by Andrew W.
“Who’s there?” The words are shouted out into the shadows. I must admit, I didn’t expect for the first five minutes of a play to be done in complete darkness, especially considering the glitzy brightness of the scenes that follow. But so begins a play filled with contradictions, deceit, revenge, and lots of murder.
Hamlet is a complicated, well-known play. Written in the early 1600s by William Shakespeare, it is widely considered to be one of his greatest works. Now for many people Shakespeare causes a knee-jerk negative reaction: the language is too hard, the clothes are weird, it’s too fancy, etc… Well, to anyone who feels that way, I would strongly suggest checking out the Seattle Shakespeare Company’s performance of Hamlet, directed by John Langs.
For those who don’t know the story, it involves Hamlet, Prince of Denmark, being visited by the ghost of his dead father, who claims that he was murdered by his brother (aka Hamlet’s uncle,) and that Hamlet should avenge his death. What follows is a long struggle to uncover the truth and dispense justice. It’s a play full of false starts, backstabbing, and mixed allegiances, which is amplified by clever lighting and costumes (which, thankfully, are modern!) The whole show is done in blacks and whites portrayed in front of an empty, grey set, which helps to focus attention on the characters (and the skillful actors behind them.)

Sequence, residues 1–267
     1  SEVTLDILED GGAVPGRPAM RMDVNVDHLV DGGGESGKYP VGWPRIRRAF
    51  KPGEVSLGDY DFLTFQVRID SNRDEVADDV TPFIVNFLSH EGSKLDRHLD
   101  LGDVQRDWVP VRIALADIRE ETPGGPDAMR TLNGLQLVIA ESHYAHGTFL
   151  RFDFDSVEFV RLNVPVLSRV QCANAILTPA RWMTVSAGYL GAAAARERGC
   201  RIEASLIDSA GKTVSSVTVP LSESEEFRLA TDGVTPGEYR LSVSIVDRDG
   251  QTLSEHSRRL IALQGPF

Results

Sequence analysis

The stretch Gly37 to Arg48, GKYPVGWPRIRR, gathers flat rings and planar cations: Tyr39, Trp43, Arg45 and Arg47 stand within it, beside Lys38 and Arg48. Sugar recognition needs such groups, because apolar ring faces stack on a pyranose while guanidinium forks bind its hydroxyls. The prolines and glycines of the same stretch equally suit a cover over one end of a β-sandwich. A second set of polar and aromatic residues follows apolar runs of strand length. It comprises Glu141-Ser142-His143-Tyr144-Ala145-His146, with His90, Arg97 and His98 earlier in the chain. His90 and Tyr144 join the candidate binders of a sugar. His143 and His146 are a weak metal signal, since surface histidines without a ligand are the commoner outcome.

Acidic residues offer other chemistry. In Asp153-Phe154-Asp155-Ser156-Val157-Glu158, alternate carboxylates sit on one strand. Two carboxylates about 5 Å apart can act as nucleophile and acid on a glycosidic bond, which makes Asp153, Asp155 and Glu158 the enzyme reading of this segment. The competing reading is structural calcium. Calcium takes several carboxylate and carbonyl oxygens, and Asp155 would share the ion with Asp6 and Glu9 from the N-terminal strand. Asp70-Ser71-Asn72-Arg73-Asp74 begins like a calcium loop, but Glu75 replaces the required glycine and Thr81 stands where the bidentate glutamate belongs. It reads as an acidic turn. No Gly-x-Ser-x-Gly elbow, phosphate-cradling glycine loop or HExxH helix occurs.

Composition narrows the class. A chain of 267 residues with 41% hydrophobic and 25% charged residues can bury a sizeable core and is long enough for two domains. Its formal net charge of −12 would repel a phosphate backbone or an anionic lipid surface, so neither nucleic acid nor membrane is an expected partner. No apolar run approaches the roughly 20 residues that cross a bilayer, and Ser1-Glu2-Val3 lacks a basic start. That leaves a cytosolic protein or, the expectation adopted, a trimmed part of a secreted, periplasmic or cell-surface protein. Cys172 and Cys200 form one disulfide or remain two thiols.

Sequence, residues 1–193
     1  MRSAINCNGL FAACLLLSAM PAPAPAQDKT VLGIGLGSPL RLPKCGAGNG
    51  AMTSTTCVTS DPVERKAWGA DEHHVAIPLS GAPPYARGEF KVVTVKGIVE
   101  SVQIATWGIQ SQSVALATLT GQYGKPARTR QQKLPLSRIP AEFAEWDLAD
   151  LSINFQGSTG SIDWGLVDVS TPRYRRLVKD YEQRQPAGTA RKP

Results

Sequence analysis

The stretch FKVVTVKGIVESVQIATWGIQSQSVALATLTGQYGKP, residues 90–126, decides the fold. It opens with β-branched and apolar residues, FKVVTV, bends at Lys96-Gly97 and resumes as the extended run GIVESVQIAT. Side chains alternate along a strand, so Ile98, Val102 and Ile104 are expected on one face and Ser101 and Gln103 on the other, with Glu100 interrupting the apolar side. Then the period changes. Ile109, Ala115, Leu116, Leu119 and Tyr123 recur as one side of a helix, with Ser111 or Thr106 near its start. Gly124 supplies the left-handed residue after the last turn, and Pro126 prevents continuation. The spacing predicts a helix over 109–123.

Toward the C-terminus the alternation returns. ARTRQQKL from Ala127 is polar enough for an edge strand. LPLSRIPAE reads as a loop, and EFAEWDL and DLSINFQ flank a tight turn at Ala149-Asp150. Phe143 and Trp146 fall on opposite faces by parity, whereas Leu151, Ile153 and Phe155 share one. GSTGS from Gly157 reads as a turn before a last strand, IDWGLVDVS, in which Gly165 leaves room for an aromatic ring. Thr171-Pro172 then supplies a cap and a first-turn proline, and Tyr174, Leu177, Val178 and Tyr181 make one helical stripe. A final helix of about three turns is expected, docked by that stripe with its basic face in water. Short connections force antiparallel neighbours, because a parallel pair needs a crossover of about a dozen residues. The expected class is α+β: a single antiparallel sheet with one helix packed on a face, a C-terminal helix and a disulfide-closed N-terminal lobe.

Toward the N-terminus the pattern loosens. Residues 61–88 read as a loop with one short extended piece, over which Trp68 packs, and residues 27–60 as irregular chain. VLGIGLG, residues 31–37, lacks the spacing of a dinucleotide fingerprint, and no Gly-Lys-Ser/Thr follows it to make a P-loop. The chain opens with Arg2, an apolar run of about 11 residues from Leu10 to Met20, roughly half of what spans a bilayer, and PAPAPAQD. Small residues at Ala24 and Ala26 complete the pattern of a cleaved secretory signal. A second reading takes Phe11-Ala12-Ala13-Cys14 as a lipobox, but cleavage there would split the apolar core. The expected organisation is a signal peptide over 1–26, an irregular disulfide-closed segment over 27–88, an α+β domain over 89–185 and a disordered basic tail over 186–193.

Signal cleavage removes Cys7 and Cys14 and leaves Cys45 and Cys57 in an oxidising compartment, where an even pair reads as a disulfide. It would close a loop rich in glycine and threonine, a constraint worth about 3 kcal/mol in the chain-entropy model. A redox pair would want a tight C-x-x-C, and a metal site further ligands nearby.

Taking front and center is Darragh Kennan playing the titular prince. Kennan does a fantastic job of playing Hamlet just on the cusp of madness, always leaving the audiences guessing his true intentions. He knows when to exaggerate his insanity, but at the same time he (in the words of his character) “in the whirlwind of passion … begets a temperance that may give it smoothness.” Not to mention that Kennan manages to maintain his intensity throughout the entire (very long!) play. It’s a pretty impressive display of stamina. That, plus the fact that he has a quality ensemble behind him to play off of, gives this play noticeable concentration and focus.
In all, Hamlet is a very well done play, and anyone who loves interesting stories, full of drama and tension (plus the occasional dark comic relief) would do themselves a favor by going to see this performance. And if you’re worried about the language, fear not! To quote the good prince, it’s just “words, words, words!” The acting can tell the whole story.
Seattle Shakespeare Company
Through December 5